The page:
On any definition, Donald Trump is one – an elder.

We are attuned to expect the unexpected and sometimes offensive tweets from him mixed with self-proclaimed good news for some and bad news for others.

Recently, however, Trump signed into law the Senior Safe Act. The new law, with bipartisan support, extends immunity for individuals working in financial institutions (including banks) for disclosing suspected financial exploitation of an older person provided those individuals have received training on the signs of financial exploitation and the institution has implemented proper reporting procedures. The purpose of the law is to overcome the restrictions imposed by privacy laws.

Financial peak bodies in America generally praised the legislation. The Financial Services Institute, for example, commented:

“We applaud President Trump for signing the Senior Safe Act into law and providing seniors additional protection from financial abuse. Preventing elder financial abuse and increasing protection for seniors has been among FSI’s top priorities for several years. Financial advisors and financial services firms are often the first to detect possible financial abuse, so it is critical that they have proper training to identify potential abuse as well as the ability to report it without fear of violating privacy laws. After years of strongly advocating on this issue and working closely with members of Congress on the Senior Safe Act, we are glad to see this critical legislation signed into law.”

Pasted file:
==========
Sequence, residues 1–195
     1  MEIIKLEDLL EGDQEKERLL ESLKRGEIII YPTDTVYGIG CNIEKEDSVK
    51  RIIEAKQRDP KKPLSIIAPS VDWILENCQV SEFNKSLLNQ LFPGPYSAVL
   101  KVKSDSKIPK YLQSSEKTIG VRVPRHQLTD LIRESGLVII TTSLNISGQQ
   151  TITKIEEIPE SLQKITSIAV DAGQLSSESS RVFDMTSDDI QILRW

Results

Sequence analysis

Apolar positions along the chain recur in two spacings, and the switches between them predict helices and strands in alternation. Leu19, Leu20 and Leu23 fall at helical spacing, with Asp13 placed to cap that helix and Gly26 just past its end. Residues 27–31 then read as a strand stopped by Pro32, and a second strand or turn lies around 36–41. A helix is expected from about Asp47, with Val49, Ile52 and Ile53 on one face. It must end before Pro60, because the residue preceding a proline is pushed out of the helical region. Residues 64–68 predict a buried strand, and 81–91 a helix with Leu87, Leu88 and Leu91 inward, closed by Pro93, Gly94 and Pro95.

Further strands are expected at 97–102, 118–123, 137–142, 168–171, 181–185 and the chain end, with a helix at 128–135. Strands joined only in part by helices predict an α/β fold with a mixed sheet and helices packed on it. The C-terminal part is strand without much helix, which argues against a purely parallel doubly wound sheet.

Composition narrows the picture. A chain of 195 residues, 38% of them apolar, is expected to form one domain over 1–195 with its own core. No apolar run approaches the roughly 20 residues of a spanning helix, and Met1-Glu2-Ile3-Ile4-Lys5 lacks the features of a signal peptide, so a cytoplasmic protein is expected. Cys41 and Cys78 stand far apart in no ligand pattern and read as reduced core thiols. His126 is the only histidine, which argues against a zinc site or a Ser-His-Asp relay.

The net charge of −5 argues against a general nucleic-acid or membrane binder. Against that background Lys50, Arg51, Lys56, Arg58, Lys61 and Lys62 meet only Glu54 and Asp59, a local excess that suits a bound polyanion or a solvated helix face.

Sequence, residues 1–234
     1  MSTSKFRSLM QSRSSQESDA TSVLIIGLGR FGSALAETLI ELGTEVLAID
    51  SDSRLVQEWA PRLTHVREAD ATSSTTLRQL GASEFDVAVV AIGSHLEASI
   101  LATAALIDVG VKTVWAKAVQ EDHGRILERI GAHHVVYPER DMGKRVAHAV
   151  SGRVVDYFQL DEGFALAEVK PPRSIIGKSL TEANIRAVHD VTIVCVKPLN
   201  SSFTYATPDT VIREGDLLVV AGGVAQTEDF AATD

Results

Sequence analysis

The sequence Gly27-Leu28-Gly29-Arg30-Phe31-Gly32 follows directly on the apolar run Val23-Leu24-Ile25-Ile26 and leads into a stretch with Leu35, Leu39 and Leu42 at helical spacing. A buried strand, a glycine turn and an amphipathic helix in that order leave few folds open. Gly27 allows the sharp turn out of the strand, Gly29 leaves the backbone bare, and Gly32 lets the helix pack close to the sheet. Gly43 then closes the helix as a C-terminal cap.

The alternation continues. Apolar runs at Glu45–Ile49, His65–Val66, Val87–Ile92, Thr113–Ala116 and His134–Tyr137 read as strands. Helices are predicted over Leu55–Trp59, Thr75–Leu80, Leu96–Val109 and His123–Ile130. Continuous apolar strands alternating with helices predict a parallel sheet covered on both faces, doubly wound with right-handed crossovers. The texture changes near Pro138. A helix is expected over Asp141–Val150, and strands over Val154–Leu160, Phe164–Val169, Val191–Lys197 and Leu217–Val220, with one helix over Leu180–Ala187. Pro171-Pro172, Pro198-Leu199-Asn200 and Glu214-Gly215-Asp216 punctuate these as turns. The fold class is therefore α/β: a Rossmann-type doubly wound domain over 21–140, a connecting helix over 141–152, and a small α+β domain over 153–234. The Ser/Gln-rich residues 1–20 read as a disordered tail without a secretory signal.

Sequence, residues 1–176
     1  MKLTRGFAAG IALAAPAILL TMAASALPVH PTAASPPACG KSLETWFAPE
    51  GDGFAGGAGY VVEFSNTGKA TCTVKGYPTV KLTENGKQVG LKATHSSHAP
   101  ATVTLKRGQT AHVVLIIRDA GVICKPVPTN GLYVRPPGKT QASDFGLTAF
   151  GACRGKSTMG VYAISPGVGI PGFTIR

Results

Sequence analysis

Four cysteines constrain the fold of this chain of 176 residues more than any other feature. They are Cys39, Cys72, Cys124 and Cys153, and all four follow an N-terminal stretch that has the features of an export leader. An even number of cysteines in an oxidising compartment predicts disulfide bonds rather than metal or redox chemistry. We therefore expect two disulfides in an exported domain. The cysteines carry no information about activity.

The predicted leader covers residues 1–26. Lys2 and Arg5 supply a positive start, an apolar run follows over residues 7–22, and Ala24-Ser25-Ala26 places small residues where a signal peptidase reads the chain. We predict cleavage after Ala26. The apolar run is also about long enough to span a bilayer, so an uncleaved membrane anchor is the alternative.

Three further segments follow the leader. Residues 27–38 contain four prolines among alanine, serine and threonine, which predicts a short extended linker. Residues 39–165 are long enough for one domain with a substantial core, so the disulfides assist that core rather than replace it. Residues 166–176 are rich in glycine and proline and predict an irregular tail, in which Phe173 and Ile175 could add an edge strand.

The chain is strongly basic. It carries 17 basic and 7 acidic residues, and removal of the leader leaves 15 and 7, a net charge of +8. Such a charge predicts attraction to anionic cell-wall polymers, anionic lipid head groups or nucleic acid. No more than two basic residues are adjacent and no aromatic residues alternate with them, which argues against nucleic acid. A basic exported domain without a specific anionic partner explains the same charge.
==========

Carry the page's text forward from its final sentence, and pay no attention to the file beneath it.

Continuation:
Yet, in what was universally regarded as good news for the elderly in the USA, Trump signed the legislation no doubt with his usual exaggerated hand flourish but with no fanfare, no signing ceremony, and, most surprisingly, no tweet. Perhaps he was in a state of subliminal denial not wanting to draw attention to the fact that the new law applied to him just like any other elder. It may also be related to his aversion to potentially having his financial affairs exposed to public scrutiny if, perish the thought, he should become a victim of elder financial abuse.